The Wall Street Journal and the Heritage Foundation have released their annual Index of Economic Freedom for 2013, and bad news, friends: More top-down regulations, more federal intrusion, expanded deficit spending, and heightened rent-seeking are in fact not conditions conducive to economic freedom. Based on measures relating to the rule of law, limited government, regulatory efficiency, and open markets, the United States came in tenth place, following Hong Kong, Singapore, Australia, New Zealand, Switzerland, Canada, Chile, Mauritius, and Denmark. The least-free countries were Venezuela, Zimbabwe, Cuba, and North Korea in dead last.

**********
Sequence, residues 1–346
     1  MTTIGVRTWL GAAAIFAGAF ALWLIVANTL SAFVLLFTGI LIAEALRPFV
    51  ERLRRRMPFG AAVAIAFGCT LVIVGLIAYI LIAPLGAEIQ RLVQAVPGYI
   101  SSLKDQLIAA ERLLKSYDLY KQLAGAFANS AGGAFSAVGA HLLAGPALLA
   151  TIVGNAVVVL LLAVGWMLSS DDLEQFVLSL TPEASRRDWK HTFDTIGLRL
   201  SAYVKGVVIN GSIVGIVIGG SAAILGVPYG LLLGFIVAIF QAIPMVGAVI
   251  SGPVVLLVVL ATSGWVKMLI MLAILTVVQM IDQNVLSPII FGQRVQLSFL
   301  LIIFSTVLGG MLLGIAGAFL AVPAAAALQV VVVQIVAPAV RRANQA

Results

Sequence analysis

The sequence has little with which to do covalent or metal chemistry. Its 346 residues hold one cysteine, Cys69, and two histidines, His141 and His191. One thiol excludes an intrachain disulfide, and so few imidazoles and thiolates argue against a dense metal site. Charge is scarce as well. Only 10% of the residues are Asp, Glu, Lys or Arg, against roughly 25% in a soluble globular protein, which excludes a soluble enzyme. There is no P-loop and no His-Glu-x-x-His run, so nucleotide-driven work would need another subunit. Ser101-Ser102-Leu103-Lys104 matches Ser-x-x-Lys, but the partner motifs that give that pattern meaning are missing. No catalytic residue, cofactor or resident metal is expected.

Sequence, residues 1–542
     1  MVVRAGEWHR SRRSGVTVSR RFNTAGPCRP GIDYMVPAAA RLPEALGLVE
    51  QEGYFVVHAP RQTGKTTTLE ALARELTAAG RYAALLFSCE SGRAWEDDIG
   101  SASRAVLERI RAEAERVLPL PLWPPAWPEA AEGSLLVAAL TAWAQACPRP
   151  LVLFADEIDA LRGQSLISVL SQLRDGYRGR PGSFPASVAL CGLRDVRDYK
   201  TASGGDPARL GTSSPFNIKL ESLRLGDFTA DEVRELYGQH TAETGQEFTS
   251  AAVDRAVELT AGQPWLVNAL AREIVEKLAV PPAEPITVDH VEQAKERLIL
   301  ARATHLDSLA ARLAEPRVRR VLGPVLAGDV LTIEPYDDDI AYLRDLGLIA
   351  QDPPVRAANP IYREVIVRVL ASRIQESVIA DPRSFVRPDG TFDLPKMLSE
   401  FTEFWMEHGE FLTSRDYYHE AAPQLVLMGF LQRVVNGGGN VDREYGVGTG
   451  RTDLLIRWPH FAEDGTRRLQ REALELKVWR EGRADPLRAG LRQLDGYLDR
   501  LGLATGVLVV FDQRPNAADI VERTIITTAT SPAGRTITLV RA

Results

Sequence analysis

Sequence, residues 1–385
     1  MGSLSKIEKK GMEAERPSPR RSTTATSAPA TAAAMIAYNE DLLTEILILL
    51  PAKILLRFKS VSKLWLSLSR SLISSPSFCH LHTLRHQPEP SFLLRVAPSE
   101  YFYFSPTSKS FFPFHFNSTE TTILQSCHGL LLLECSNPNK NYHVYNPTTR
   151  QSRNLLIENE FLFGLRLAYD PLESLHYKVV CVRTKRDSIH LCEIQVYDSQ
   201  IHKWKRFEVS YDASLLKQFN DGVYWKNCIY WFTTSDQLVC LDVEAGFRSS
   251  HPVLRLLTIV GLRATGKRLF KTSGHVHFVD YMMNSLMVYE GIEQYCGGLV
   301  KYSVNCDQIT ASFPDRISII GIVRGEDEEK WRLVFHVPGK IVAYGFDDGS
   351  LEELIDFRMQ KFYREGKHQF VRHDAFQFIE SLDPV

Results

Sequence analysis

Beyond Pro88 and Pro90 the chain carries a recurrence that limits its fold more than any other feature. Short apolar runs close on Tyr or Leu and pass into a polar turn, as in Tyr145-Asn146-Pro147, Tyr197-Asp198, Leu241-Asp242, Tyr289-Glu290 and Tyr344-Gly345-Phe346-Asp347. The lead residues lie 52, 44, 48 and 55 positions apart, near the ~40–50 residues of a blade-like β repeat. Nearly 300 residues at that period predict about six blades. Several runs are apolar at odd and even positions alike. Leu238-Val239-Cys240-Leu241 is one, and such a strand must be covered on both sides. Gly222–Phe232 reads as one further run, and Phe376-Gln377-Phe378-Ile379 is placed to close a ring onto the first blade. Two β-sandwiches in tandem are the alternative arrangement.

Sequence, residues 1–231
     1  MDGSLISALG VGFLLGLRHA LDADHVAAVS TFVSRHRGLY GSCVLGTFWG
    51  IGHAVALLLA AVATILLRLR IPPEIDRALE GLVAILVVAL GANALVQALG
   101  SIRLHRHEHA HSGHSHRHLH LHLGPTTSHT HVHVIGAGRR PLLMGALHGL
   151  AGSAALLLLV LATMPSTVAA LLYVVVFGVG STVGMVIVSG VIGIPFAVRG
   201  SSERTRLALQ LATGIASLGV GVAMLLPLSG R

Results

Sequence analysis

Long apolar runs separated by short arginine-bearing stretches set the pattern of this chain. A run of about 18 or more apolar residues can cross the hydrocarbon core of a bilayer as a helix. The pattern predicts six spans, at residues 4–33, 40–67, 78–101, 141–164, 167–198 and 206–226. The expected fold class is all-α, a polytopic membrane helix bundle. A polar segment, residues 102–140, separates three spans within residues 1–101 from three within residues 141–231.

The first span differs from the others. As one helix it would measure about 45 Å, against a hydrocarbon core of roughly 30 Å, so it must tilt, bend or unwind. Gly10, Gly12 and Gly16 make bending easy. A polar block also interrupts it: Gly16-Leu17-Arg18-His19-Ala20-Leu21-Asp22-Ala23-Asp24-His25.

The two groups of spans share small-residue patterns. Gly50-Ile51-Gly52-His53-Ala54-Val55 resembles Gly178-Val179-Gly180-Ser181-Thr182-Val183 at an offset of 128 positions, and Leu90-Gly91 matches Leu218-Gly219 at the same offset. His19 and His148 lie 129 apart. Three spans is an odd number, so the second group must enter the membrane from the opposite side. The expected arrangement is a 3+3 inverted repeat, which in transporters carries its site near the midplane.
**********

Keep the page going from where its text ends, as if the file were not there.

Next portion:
Registering a loss of economic freedom for the fifth consecutive year, the U.S. has recorded its lowest Index score since 2000. Dynamic entrepreneurial growth is stifled by ever-more-bloated government and a trend toward cronyism that erodes the rule of law. More than three years after the end of recession in June 2009, the U.S. continues to suffer from policy choices that have led to the slowest recovery in 70 years. Businesses remain in a holding pattern, and unemployment is close to 8 percent. Prospects for greater fiscal freedom are uncertain due to the scheduled expiration of previous cuts in income and payroll taxes and the imposition of new taxes associated with the 2010 health care law.